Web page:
With Kerrigan's knee injury forcing her out of competition, Harding took the national Championship and with it a spot on the U.S. Olympic squad. However it quickly became clear that all was not well; one of the accomplices told the FBI that Harding and her husband Jeff Gillooly had plotted to have Kerrigan attacked and gotten rid of, freeing up her spot on the Olympic team for Harding. After first denying all knowledge of the scheme, Harding eventually admitted to knowing about it after the fact, and would have been kicked off the team by the U.S. Olympic Committee, until she launched a $25 million unlawful dismissal lawsuit that promptly changed their minds. By then Nancy Kerrigan had recovered from her injury and went on to win the Silver medal at the Lillehammer Games, while Tonya Harding finished well out of medal contention and has become something of a cable television personality in the intervening years, though she did manage to stay out of prison.

5 Mike Tyson

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In a meteoric career that saw both triumph and tragedy, Mike Tyson's 1992 conviction for rape has to be the low point of his life. Desiree Washington was a beauty pageant contestant Tyson had met during a rehearsal for the Miss Black America contest. After accepting a date with Tyson, she accompanied him to his hotel room where she claimed he sexually assaulted her. Tyson maintained his innocence throughout the sensational trial and continues to do so, despite having served three years in prison. He has recently claimed in a new book to have indulged in countless sexual trysts with women while in jail and though he made over $300 million in the ring, he's now so broke that he says he'll never pay off his IRS debts. After his release in 1995, Tyson returned to the ring with varying degrees of success, finally ending his career in 2005 with an out of shape and unsurprising loss to journeyman Kevin McBride. In a career full of controversy, this incident is likely to remain the most unsavory in Tyson's troubled life.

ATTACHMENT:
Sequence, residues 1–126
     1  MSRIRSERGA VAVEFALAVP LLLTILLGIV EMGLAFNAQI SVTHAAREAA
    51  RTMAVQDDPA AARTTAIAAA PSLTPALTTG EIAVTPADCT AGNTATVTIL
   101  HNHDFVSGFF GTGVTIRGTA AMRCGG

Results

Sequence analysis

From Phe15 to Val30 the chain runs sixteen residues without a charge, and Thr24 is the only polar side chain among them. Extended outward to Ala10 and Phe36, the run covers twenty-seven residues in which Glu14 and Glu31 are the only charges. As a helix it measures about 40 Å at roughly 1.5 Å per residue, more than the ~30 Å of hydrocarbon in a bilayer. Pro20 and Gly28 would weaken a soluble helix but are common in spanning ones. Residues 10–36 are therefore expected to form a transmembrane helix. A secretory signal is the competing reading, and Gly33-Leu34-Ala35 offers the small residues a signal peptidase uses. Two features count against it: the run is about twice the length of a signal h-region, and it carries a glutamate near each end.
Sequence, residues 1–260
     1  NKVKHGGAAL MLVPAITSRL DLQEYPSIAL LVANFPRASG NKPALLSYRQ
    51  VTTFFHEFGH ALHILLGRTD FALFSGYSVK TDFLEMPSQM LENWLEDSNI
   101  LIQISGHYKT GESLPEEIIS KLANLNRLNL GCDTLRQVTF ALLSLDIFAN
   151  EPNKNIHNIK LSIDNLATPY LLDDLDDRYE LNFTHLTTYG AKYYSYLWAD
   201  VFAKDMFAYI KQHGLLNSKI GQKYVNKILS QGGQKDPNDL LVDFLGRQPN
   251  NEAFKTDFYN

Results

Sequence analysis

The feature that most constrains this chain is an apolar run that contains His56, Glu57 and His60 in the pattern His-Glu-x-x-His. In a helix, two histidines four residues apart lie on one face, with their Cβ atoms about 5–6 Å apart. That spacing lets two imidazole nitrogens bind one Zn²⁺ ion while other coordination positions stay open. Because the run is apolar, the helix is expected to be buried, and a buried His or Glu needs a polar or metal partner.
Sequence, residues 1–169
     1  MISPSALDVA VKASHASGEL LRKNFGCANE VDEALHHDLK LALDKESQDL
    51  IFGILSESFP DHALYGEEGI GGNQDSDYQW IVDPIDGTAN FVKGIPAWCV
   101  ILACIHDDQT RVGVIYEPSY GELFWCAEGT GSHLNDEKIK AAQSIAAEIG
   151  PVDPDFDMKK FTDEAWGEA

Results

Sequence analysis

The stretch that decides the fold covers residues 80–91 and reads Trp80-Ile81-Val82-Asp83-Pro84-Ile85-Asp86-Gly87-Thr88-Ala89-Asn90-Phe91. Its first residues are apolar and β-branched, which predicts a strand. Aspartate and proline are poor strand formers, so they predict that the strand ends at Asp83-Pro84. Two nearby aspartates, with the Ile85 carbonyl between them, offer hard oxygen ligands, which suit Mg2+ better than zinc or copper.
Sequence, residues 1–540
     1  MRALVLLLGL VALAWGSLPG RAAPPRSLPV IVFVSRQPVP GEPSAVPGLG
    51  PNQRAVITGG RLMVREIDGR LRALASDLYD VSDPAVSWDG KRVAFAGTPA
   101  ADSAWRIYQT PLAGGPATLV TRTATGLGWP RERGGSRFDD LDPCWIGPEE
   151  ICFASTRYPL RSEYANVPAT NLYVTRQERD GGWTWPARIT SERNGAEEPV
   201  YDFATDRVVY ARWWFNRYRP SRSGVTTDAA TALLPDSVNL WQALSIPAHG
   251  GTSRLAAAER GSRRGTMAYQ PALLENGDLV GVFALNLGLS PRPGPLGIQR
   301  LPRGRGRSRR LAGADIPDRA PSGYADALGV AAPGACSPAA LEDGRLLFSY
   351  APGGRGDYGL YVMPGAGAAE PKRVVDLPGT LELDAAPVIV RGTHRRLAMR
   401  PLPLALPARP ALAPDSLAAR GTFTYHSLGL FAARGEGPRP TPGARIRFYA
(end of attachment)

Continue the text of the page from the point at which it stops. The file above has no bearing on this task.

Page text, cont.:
4 Alex Rodriguez

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In 2013 MLB's Alex Rodriguez seemed to have it all; several World Series rings, a three league MVP Awards, a starting spot on his hometown NY Yankees roster and a guaranteed Hall of Fame induction. But for years there had been troubling rumors that A-Rod was jacked up on performance enhancing drugs, a charge he vehemently denied. However an investigation by the Miami New Times of a dubious medical clinic in Miami called Biogenesis found that dozens of MLB players including Rodriguez had tested positive for anabolic steroids such as testosterone among others. Though the news wasn't exactly shocking, it was devastating for baseball which had been trying since the 1990s to root out the use of banned substances, with obviously unimpressive results. The league subsequently came down hard on Rodriguez, banning him for an unprecedented 162 games, meaning he won't be eligible to play again until the 2015 season.

3 Michael Vick